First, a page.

Rep. Birmingham charged that the taxicab situation could have been straightened out years ago by the police commissioner if he had wanted to, reported the Boston Herald (April 26, 1929, p. 7).
Birmingham asserted that the independent taxicab operators are insulted when they appeal to the commissioner and the only place they can go for relief is to the legislature. He said that a taxicab monopoly exists, and there is now an opportunity to end it.
The Democratic minority leader was commenting on a bill proposed by Rep. Joseph Finnegan that would abolish special or exclusive taxicab stands and make public stands free and open for all vehicles whose owners were licensed.
Finnegan’s bill was reported adversely by the House committee on cities, but Finnegan continued to fight for the bill. The House voted 158 to 46 April 25 to substitute Finnegan’s bill for the adverse committee report.
Finnegan argued that the Checker taxicab company had an unfair competitive position in having exclusive stands set aside for their taxis.
“This measure is not designed as an attack on the police commissioner. It merely says then when a taxi stand is set aside by the city it shall be opened to all licensed taxicabs, which would include special or exclusive stands in a policy of equal treatment for all. Provision is made for reasonable rules and regulations by the police commissioner,” he said during debate on the bill.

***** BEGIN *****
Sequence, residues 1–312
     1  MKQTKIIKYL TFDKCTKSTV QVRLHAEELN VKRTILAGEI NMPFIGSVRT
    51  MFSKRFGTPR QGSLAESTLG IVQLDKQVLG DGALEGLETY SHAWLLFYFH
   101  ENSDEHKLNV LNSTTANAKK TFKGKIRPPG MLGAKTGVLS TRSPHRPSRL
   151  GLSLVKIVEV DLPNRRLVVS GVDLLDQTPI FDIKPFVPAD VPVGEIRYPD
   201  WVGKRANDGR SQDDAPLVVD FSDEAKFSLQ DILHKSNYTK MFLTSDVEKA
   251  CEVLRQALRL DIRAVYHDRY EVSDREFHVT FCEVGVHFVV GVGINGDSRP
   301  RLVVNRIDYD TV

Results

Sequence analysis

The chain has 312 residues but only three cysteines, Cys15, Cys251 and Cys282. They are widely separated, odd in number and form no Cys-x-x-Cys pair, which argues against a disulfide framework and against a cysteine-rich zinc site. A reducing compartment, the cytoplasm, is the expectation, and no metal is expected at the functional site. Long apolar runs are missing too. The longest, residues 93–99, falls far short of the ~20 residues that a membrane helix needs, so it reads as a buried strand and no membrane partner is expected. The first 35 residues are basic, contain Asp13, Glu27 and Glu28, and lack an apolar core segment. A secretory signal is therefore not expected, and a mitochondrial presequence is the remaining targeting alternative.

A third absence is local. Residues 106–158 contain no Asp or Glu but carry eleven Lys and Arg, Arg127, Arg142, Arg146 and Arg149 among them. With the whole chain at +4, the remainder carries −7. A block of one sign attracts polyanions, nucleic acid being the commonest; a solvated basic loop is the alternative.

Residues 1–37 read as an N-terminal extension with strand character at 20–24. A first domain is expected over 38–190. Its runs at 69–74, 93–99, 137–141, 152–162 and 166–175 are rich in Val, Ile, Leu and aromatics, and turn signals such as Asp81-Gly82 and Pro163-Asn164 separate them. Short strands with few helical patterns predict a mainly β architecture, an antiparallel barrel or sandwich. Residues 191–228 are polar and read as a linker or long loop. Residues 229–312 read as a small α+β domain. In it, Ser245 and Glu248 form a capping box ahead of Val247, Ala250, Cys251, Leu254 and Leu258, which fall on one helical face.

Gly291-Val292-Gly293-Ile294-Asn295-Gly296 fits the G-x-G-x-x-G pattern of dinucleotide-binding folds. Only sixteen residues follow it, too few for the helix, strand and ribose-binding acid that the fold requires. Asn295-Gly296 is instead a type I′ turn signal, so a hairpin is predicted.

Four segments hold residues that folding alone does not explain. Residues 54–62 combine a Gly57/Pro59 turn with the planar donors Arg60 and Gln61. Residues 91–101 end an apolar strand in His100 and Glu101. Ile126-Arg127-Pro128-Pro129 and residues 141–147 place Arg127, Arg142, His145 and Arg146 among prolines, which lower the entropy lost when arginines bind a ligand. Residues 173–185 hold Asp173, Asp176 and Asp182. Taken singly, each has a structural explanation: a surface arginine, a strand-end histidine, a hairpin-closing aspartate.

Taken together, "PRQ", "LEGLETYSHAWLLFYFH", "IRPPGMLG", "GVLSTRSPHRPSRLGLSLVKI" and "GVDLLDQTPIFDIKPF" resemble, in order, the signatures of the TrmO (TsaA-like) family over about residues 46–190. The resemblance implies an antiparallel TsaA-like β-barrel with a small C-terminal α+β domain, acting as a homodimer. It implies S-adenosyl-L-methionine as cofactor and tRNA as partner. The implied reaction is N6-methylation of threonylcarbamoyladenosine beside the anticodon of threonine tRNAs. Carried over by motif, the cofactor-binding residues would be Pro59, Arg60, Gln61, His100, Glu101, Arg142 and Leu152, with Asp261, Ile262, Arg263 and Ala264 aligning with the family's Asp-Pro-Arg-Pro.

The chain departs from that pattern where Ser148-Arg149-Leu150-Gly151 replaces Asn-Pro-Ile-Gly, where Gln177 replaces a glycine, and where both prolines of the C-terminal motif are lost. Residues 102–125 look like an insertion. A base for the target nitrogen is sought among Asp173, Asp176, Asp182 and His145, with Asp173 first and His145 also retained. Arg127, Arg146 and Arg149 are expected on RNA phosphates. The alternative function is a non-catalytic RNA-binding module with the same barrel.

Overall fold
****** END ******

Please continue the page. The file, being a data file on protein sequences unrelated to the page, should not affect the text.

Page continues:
Finnegan charged that Charles Innes, a director of the Checker Taxi Company, was behind the opposition to his bill and the reason that the committee on cities issued an adverse report.
Rep. James Twohig of South Boston charged that police officials own Checker company stock and want to put the independent operators out of business.
Rep. Rupert Thompson of Newton, speaking for the committee on cities, said that a bill was passed setting up a Boston traffic commission, and the committee thought that the question of exclusive taxicab stands should be left to the commission to handle.
Rep. Richard Crockwell of Medford, chairman of the committee on cities, objected to Finnegan’s suggestion that Innes was the reason the committee reported adversely on his bill. “Mr. Innes had absolutely nothing to do with the report on this bill,” he said.